This would definitely be duplication of duties. How can we create a department within another department? Just imagine, the Bill says the office of the Commissioner for Mines and Minerals will have its own autonomous budget for its running, including staff recruitment. Can our already strained resources afford such duplication? The committee’s opinion is that the duties designated to the office of the Commissioner for Mines and Minerals can well be handled within the current set-up at the Department of Mines, which has directors and deputies,
According to the draft Bill that Mining & Trade Review has seen, the proposed functions of Commissioner for Mines and Minerals include coordinating the implementation of Mines and Minerals policies, provision of technical advice and guidance in the administration of the Act as well as promotion of mineral sector investment.
The parliamentarian said his committee is proposing the establishment of a ‘Mining Regulatory Board’ that will be playing an oversight role as regards regulating all mining activities.
He reported that government has, meanwhile, engaged other consultants from Tanzania for further scrutiny and advice on the new law.
It is expected that the Bill will be brought back to Parliament for final perusal by the Natural Resources Committee before tabling.
Chilenga has since promised that his committee will take full responsibility of screening the bill, guided by the power vested in them by the law, so that Malawians are given the best ever piece of legislation that will safeguard the interest of the nation.
Meanwhile, the quashing of the proposal in the draft law to establish the office of the Commissioner for Mines and Minerals has triggered a major shake-up within the ranks of Department of Mines.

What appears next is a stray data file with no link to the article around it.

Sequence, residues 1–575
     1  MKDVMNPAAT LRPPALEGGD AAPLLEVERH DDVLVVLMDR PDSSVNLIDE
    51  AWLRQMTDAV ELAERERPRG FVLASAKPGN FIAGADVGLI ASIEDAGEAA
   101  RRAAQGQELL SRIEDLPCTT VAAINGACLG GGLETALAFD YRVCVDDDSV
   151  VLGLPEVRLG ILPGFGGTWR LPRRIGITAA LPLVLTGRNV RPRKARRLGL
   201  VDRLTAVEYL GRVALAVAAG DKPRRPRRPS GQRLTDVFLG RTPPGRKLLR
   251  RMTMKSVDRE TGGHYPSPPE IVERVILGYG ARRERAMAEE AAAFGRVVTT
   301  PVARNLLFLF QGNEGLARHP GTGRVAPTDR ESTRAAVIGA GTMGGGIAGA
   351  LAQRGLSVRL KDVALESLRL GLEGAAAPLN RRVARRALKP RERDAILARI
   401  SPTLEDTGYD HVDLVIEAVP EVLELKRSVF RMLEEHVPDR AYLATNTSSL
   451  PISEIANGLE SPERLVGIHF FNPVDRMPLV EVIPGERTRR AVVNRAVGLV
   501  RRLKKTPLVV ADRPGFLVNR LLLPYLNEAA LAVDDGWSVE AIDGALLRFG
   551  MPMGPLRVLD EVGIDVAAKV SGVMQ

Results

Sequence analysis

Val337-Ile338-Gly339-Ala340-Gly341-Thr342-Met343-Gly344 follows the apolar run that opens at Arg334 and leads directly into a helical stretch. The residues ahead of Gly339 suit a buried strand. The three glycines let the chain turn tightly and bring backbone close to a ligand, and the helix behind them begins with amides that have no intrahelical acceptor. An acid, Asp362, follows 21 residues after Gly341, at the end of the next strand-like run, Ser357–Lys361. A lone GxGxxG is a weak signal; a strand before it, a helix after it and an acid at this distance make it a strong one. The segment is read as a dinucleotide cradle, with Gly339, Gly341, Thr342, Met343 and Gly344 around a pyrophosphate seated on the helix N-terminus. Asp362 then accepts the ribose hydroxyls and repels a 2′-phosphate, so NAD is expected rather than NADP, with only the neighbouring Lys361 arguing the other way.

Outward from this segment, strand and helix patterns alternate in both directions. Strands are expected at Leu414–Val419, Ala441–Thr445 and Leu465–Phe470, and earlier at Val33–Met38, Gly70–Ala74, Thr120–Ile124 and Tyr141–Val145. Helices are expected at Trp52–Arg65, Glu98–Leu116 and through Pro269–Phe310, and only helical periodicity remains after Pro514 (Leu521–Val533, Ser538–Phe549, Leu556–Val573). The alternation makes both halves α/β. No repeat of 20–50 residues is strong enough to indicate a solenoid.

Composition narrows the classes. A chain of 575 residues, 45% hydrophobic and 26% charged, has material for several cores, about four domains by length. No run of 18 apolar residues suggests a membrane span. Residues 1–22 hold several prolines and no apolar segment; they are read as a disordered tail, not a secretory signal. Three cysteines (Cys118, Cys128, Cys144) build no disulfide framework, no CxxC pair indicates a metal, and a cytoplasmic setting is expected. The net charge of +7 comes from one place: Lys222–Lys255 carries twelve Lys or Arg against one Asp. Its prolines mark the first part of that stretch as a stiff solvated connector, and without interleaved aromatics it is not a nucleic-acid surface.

Charles Kaphwiyo, who was the Commissioner for Mines has now been made Director, with the former Acting Director, Peter Chilumanga, consequently, joining the long list of Deputy Directors at the department.
These changes are being interpreted as an apparent repositioning of chain of command to dodge possible ramifications once the law is passed without the inclusion of the office of Commissioner for Mines and Minerals.
Delivering his closing remarks at the workshop, Board Chairperson for Natural Resources Justice Network (NRJN) Kossam Munthali said the civil society is geared to support the passing of the Bill provided it takes on board sound proposals and recommendations from various stakeholders.
When the Bill is tabled in Parliament with the inclusion of all the input from the civil society as well as other stakeholders, we are prepared to hold vigils right here in the capital city to push for its quick passing into law,
Munthali said, hailing the openness with which government has handled the consultation process as regards the drafting process of the Bill.
The Mines and Minerals Bill, once asserted to by the President and gazetted, will replace the deemed ‘outdated’ 1981 Act, which has been blamed for having loopholes rendering it susceptible to possible corrupt practises and underhand dealings.